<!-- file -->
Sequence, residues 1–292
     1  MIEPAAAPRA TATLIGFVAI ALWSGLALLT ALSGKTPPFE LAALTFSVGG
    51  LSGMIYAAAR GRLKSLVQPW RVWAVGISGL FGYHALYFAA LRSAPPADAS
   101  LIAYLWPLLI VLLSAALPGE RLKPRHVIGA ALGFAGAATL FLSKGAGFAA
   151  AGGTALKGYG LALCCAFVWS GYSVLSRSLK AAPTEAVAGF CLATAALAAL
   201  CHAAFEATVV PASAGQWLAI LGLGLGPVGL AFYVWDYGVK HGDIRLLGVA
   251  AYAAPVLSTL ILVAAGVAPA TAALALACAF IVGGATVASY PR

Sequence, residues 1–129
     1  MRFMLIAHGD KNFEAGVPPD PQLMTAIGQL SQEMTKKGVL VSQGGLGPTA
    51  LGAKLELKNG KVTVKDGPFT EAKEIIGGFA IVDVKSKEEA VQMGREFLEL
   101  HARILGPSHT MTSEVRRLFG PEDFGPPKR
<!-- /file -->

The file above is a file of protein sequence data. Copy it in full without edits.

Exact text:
Sequence, residues 1–292
     1  MIEPAAAPRA TATLIGFVAI ALWSGLALLT ALSGKTPPFE LAALTFSVGG
    51  LSGMIYAAAR GRLKSLVQPW RVWAVGISGL FGYHALYFAA LRSAPPADAS
   101  LIAYLWPLLI VLLSAALPGE RLKPRHVIGA ALGFAGAATL FLSKGAGFAA
   151  AGGTALKGYG LALCCAFVWS GYSVLSRSLK AAPTEAVAGF CLATAALAAL
   201  CHAAFEATVV PASAGQWLAI LGLGLGPVGL AFYVWDYGVK HGDIRLLGVA
   251  AYAAPVLSTL ILVAAGVAPA TAALALACAF IVGGATVASY PR

Sequence, residues 1–129
     1  MRFMLIAHGD KNFEAGVPPD PQLMTAIGQL SQEMTKKGVL VSQGGLGPTA
    51  LGAKLELKNG KVTVKDGPFT EAKEIIGGFA IVDVKSKEEA VQMGREFLEL
   101  HARILGPSHT MTSEVRRLFG PEDFGPPKR